The Annual Release at Tallulah Gorge

Alexa Lampasona
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A memorable and anticipated occasion for avid whitewater paddlers in the area is the annual release of Tallulah Gorge’s whitewater. Tallulah Gorge was dammed in 1913, but it wasn’t until May of 1993 that the first kayakers tested its waters. Among them were famous names like John Bell, Walter Lynch of American Water, the late Ron Stewart and Jim Silavent.

Now, skilled paddlers from all over the country come to Tallulah during the first three weeks of November to test their boating mettle on this 2-mile whitewater trip. An average of 500 cubic feet per second (fps) cascade through the gorge, creating Class IV and V rapids that are perfect for advanced paddlers. This year, release dates are set for November 7-8, 14-15, and 21-22. Whether you're paddling or spectating, here are five notable spots along the journey that you should be aware of.

1. Last Step

The cleverly named put-in, Last Step, refers to the fact that it takes about 600 steps to reach the put-in itself, making that last step a big sigh of relief.

2. Oceana

Alexa Lampasona

There isn’t much time to amp up for the largest and only Class V rapid in the gorge. The 45-50 foot falls of Oceana scale over a 150-foot distance, making scouting from shore almost required. Averages of 500 cubic fps are reported on American Whitewater. However, once you reach the bottom, an exalted scream of joy and terror is well warranted.

If you’re looking for photo-worthy shots from shore, this is the spot to be. Follow the North Rim Trail to the scenic overlook and Oceana will be below.

3. Bridal Falls

Alexa Lampasona

Paddlers deem this the sliding rock due to the smooth slope that drops about 20 feet over a distance of 100 feet. It is often scouted from the left banks. A river-wide hole is the main concern here, but if paddlers have enough momentum they can punch it over the top hole near the left bank.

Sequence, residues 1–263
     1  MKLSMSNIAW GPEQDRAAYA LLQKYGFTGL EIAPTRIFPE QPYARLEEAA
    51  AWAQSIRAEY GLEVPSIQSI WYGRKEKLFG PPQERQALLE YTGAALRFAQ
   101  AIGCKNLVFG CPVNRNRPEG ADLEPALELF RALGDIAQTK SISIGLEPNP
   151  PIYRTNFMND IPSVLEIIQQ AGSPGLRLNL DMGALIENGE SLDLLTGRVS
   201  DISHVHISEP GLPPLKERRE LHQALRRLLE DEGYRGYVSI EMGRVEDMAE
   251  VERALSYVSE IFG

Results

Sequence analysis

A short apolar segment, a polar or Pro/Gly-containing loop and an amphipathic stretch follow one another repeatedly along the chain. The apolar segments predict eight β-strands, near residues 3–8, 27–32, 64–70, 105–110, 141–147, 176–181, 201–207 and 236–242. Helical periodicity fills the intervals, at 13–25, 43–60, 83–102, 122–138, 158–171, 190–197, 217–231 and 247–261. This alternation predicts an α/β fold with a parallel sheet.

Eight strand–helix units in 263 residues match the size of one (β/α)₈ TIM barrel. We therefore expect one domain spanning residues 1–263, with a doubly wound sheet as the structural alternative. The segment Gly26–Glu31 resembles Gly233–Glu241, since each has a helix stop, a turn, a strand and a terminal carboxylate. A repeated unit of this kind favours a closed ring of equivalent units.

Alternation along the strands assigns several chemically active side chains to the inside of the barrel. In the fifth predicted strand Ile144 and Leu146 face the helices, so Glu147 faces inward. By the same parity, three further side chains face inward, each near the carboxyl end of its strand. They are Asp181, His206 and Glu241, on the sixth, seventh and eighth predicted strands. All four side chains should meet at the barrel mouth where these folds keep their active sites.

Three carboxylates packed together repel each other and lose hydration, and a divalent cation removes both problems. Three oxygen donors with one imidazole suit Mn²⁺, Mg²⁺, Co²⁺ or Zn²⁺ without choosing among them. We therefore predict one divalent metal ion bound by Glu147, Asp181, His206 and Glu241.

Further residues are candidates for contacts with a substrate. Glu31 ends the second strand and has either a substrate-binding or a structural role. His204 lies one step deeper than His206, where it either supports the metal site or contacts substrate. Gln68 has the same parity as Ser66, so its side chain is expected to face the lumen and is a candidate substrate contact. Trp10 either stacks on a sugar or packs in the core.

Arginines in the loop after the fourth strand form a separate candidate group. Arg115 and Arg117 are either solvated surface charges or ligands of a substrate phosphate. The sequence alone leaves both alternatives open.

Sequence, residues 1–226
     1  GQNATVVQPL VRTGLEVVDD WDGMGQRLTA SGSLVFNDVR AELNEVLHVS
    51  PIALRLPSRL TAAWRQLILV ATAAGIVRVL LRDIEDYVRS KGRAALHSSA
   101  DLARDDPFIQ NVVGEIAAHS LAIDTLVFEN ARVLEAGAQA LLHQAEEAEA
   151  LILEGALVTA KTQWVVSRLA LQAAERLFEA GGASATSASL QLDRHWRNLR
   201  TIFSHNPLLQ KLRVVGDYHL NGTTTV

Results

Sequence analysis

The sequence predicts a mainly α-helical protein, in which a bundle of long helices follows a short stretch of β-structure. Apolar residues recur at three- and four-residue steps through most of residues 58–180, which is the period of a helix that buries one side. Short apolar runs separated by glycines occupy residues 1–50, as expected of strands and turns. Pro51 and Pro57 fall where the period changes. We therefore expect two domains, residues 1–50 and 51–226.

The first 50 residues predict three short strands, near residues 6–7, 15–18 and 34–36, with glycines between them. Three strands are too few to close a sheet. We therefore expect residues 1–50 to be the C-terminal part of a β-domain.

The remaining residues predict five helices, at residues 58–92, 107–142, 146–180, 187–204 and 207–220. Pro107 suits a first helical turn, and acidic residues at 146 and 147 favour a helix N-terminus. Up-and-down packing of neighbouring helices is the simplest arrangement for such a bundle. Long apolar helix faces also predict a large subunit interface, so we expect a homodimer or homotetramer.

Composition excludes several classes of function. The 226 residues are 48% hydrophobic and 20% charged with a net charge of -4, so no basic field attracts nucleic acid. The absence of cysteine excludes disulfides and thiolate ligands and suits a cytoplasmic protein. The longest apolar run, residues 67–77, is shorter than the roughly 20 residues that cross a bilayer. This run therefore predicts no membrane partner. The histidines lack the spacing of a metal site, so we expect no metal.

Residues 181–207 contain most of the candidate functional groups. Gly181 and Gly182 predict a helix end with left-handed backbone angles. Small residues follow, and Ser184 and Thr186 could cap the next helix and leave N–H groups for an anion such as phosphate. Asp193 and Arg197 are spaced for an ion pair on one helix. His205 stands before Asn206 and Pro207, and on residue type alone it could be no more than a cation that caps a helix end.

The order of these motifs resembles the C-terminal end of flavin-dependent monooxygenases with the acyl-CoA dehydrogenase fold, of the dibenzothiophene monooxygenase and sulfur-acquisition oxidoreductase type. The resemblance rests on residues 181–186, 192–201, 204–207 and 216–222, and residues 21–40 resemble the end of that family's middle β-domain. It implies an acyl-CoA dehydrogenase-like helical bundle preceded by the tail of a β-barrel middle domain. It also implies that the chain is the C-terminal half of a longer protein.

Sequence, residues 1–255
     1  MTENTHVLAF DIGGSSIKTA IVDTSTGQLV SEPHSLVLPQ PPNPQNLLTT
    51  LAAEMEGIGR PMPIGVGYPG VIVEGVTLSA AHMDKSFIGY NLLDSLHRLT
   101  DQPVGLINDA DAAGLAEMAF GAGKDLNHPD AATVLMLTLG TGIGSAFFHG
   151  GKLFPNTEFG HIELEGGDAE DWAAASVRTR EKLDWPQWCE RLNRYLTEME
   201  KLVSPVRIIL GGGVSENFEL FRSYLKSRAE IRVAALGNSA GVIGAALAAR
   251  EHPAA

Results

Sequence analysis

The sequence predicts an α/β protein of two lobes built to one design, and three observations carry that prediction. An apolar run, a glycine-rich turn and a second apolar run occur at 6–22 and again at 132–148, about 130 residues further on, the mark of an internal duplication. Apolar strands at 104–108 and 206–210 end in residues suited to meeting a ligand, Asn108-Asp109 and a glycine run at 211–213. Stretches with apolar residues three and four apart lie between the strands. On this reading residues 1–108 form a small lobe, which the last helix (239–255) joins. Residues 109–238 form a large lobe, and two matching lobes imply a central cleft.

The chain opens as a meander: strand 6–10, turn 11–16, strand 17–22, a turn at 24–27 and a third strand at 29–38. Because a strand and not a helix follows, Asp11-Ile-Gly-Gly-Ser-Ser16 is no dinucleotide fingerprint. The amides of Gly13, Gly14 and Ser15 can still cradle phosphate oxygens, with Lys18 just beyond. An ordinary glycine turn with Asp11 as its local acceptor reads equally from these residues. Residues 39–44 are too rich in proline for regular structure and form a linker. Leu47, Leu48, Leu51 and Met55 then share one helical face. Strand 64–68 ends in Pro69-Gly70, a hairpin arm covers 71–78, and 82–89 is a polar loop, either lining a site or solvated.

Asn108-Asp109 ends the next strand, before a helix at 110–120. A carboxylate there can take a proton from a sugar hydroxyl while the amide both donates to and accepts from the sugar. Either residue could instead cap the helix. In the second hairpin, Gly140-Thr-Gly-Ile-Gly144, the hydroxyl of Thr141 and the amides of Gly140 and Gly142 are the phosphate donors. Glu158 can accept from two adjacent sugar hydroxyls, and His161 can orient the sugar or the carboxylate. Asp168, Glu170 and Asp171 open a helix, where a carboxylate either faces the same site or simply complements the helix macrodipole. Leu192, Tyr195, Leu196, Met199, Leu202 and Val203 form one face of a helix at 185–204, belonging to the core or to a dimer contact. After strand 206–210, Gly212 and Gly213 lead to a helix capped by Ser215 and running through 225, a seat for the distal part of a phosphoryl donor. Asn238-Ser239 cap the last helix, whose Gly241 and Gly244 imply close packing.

Tallulah Gorge State Park is offering guided hikes to the overlook each weekend. The hike will take place on November 7, 15 and 21 from 11 a.m. to 2 p.m. for $15 per person. More info can be found at GA State Parks

4. Amphitheater

Paddlers encounter a large tree on this rapid. The lead up to the tree was deemed “Lynch’s Wrench” after Walt Lynch, a kayaker in the first descent, dislocated his shoulder when he hit the wave hole wrong.

5. The Road to Aintry (The Big Slide)

Jeff Gunn

It's fitting that this thrilling adventure comes to and end with the longest single rapid on the whole run. On the approach are a few ledges and eddies, and you can see the rest of the slide. A rock obstructs the bottom of the drop, but it can be avoided by paddling either right or left.

Paddlers end the arm-burning, heart-thumping ride at Tugaloo State Park after 1.5 miles of well-earned flatwater paddling.

If paddling isn't your thing, but you'd like to witness this spectacular annual event, the hiking trails around Tallulah Gorge State Park will be open, as will the steps off the North Rim Trail leading to the suspension bridge above Hurricane Falls. No gorge permits are issued during whitewater release.

The address for Tallulah Gorge State Park is 338 Jane Hurt Yarn Rd, Tallulah Falls, GA, 30573. You won't want to miss it!

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